At Cindrich elementary school in Surrey, B.C., 10-year-old boys are putting themselves to bed earlier, an enthusiastic girl in Grade 6 takes herself for a run when she’s feeling hyper, and a diminutive boy who is still learning English tells his teacher he will do better work if he sits on a special cushion. 
It is all part of self-regulation, a philosophy of education that is moving into public schools in British Columbia.
Self-regulation ultimately hands the job of taking charge of their learning and their behaviour back to the kids. Teachers look for what is stressing a child and making them unable to  pay attention, lethargic, or hyper sometimes to the point where they are out of control. It might be too much noise in the classroom, too little sleep or too much junk food in their lunch. Then the teachers help the child recognize what they need to do to make themselves calm and productive in class.
Stuart Shanker, a distinguished research professor of philosophy and psychology at York University, is the pied piper of self-regulation in the schools. He maintains that Canadian kids do not know what it is to feel calm any more. There is too much stimulation in their lives. 

Read the rest of the article here

Saturday, 30 November 2013

Teacher Template for lessons...

A bit busy, but some great components here you could use.... Nice to keep your lessons focused and assess as you go.


Try out this lesson planning chart before writing out your next lesson plan.



Friday, 29 November 2013

Art Journals....

Has anyone tried art journaling?

Pinterest had some cool pins: http://www.pinterest.com/source/artjournaling.tumblr.com/



Fingerprint poetry is a great way to start a poetry unit or the beginning of the year. High school or middle school students can really express their individuality.Art Journaling

Some really amazing stuff out there. I am intrigued. I want to learn more.....

Tuesday, 26 November 2013

Advice for New Teachers

Earlier this year I participated in in a twitter chat (#cdnedchat) discussing 'Advice for New Teachers'

You can read some of the highlights from that chat on this Storify Board:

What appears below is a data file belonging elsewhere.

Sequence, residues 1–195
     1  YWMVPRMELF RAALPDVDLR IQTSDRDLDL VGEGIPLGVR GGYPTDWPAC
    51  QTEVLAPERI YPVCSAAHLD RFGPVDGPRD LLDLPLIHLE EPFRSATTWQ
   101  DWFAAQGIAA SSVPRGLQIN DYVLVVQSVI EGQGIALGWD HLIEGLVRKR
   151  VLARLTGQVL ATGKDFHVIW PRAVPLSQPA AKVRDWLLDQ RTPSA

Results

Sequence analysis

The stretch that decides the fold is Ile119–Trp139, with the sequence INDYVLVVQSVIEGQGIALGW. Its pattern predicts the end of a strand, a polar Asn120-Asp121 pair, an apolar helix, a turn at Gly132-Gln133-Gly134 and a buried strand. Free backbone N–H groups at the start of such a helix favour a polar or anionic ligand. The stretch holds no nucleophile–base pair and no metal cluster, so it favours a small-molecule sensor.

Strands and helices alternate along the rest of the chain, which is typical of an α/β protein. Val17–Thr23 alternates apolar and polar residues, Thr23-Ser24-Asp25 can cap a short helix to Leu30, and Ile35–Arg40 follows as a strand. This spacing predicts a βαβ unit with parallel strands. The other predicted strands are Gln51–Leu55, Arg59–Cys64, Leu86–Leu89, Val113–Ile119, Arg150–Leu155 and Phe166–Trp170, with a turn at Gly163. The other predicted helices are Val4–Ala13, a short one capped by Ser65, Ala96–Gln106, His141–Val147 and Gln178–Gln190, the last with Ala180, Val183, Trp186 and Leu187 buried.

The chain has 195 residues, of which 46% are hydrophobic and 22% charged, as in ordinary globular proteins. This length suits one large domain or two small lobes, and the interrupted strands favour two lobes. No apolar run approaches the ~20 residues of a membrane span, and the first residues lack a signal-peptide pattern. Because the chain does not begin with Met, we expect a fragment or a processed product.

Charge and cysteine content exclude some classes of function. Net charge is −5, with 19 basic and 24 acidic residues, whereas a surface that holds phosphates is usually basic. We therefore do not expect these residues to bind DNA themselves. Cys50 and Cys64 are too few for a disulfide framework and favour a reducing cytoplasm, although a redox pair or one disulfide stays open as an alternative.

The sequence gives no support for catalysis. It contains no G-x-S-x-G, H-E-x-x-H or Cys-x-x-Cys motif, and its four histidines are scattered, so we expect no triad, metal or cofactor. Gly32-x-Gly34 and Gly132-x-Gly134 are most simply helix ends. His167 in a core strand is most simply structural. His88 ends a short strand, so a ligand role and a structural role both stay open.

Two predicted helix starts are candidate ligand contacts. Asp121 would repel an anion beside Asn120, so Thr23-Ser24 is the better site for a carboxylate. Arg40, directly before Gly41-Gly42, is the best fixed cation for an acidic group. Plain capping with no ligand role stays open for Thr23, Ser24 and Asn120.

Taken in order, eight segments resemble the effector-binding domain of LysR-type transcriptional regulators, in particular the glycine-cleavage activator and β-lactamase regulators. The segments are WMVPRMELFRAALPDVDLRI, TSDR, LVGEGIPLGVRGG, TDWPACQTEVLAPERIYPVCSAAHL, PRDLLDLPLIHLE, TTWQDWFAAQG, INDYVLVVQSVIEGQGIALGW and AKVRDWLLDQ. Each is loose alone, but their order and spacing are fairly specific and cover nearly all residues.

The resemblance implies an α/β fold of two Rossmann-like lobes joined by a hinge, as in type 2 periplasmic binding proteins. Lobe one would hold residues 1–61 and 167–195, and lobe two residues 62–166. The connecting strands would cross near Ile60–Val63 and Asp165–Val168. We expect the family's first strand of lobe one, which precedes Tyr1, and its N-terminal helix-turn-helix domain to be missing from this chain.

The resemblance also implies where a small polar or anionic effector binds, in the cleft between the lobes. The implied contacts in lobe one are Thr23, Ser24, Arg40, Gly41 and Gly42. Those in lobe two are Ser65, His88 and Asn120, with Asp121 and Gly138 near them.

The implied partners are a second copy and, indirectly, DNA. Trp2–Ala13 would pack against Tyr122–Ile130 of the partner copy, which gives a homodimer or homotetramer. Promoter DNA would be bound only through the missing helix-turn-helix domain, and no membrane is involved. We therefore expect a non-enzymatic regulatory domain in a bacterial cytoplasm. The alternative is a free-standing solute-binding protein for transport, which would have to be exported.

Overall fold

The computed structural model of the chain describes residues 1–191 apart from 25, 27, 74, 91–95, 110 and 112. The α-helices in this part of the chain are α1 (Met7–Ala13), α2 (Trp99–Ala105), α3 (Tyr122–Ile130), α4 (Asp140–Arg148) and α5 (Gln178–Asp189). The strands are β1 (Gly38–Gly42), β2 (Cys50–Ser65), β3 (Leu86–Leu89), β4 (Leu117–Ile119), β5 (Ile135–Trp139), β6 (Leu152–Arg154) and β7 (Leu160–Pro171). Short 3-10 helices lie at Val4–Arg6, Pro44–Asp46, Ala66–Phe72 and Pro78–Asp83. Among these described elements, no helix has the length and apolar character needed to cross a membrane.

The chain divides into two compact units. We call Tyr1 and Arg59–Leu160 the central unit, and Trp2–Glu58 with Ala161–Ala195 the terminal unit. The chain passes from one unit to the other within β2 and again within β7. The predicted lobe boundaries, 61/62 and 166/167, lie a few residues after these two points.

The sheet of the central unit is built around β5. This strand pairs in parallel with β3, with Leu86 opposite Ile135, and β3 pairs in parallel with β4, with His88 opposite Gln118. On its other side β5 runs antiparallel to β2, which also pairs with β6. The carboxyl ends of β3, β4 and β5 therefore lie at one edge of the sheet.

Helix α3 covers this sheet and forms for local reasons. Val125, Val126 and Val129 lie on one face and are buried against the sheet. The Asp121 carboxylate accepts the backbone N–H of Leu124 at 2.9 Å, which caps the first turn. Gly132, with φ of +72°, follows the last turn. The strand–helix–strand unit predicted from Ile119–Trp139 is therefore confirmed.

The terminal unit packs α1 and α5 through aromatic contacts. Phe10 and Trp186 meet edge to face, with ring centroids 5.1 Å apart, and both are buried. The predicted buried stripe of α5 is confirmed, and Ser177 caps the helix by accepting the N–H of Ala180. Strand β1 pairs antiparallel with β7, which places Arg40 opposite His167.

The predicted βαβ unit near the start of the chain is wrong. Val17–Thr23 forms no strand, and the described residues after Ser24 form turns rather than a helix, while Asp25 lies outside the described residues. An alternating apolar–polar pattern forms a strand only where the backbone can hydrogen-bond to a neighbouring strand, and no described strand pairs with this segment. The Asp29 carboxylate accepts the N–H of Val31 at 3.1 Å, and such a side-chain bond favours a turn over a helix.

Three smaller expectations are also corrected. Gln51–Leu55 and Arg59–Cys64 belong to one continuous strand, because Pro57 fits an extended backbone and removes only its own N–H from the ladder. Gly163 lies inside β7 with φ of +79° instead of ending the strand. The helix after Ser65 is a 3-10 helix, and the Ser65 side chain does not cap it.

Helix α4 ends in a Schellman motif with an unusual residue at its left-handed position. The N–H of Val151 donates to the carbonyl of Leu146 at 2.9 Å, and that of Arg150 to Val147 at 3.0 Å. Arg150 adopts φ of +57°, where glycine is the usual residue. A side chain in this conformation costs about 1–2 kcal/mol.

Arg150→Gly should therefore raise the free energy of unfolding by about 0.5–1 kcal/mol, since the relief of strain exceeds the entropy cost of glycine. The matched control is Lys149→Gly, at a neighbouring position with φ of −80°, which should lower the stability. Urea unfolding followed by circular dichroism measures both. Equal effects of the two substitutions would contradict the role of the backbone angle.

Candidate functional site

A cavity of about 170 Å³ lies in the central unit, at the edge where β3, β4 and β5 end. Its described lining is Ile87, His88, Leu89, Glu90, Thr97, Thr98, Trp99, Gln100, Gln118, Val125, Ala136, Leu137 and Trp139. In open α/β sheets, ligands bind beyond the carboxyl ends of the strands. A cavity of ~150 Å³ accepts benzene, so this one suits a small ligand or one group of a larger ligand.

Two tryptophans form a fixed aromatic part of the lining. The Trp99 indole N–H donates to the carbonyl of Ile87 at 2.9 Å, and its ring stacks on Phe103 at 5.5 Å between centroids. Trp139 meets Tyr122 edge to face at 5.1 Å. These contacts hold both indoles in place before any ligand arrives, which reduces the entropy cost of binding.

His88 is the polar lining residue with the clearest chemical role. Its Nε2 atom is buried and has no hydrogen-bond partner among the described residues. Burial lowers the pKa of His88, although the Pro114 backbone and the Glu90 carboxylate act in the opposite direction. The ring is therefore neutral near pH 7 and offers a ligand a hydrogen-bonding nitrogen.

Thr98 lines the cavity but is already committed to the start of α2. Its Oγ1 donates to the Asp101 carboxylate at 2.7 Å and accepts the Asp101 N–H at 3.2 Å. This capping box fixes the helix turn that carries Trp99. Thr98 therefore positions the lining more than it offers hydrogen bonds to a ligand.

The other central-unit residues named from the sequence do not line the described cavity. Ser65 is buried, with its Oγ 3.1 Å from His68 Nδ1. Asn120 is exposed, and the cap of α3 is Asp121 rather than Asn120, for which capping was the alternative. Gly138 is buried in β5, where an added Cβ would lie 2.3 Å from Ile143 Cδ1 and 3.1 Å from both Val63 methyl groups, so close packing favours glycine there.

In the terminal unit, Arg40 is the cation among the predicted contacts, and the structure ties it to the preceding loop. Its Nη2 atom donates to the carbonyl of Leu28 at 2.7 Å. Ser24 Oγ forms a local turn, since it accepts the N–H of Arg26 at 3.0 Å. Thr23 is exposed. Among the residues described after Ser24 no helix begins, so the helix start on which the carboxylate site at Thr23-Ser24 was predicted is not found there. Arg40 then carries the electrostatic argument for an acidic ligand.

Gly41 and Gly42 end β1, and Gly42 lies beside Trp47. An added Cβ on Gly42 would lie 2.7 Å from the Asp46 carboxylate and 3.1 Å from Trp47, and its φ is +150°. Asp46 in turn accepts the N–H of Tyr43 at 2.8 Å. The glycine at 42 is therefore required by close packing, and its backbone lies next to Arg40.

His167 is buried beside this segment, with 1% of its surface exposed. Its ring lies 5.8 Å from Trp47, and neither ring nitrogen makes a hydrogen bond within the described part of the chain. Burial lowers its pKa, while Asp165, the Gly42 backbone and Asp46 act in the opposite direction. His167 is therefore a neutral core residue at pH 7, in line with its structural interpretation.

http://storify.com/MsAmandaLong/advice-for-new-teachers

Here are some other basic tips:

Advice for New Teachers


Via: http://www.pinterest.com/pin/180636635027203901/

Monday, 25 November 2013

I am thankful for Pumpkin Pie... Craft/Writing activity

While I celebrated Canadian Thanksgiving back in October, my teacher friends to the south celebrate this week. I am planning to enjoy some American (late) Thanksgiving Saturday night with friends and family, and can NOT wait for some delicious turkey and pumpkin pie.

This easy-peasy craft / writing assignment can be done with elementary students. I have included photos, materials, instructions and source links in both French and English.

My Canadian colleagues may wish to file this away for next October, but my American readers can enjoy it this week. All you need is some orange paper, paper plates, scissors, markers and paper fasteners/pin (for the middle so it can spin)

Students can write a few things they are thankful for, cut the orange paper into a circle slightly smaller than the paper plate with a "slice" cut out. Then fasten together like so.....


Pumpkin Pie Spinner Craft.  Encourages kids to reflect on what they are thankful for.   Primary French Immersion Resources: L'Action de GrĂ¢ce

Easy-Peasy? You could even do some cutting prep ahead of time if they are younger/primary.



http://www.pinterest.com/pin/61431982390903366/

http://www.pinterest.com/pin/61431982390903395/

C is for Cookie....



I love this! Since I am teaching Home Ec two days a week this year, I am always looking for visual aides to help in my teaching. We are in term two now, which is exciting because we got through term one and are repeating most of the recipes and lessons now. As part of the cookie making home lab for our students, we had a variety of shapes, sizes and textures created. This is a nice photo I will show my class as we discuss why cookies turn out differently and what role certain ingredients play in baking.



Thanks pinterest!

Presenting to Student Teachers: Perks of TTOCing

This week I am doing two presentations to student teacher groups. I love the energy and enthusiasm student teachers have coming out of their practicums, ready and eager to find jobs! The reality is, that many get hired, first, as a TTOC (Teacher-Teaching-On-Call) and my workshop looks at what life is like as a TTOC.

I also do workshops for the BCTF on Classroom Management for TTOCs, Work-Life Balance, Stress Management, Reality 101, and a few others. It is always a pleasure to present and today was no different!

Today's group had a lot of previous classroom experience as EAs or such and had some awesome ideas and knowledge to share. They just finished their SFU 405 practicum (Long practicum) and I spent the afternoon with them.

One part of my workshop looks at the benefits of being a TTOC.

We brainstormed some of the perks of being a TTOC and here are some of the things we came up with:


  • Flexibility 
  • Set schedule
  • Variety (grades, subjects, areas)
  • experiment with different instructional strategies
  • develop professional connections, network
  • no report cards
  • minimal marking
  • less "out of school day" work (prep, plan, mark, etc.)
  • Gather ideas, resources, etc.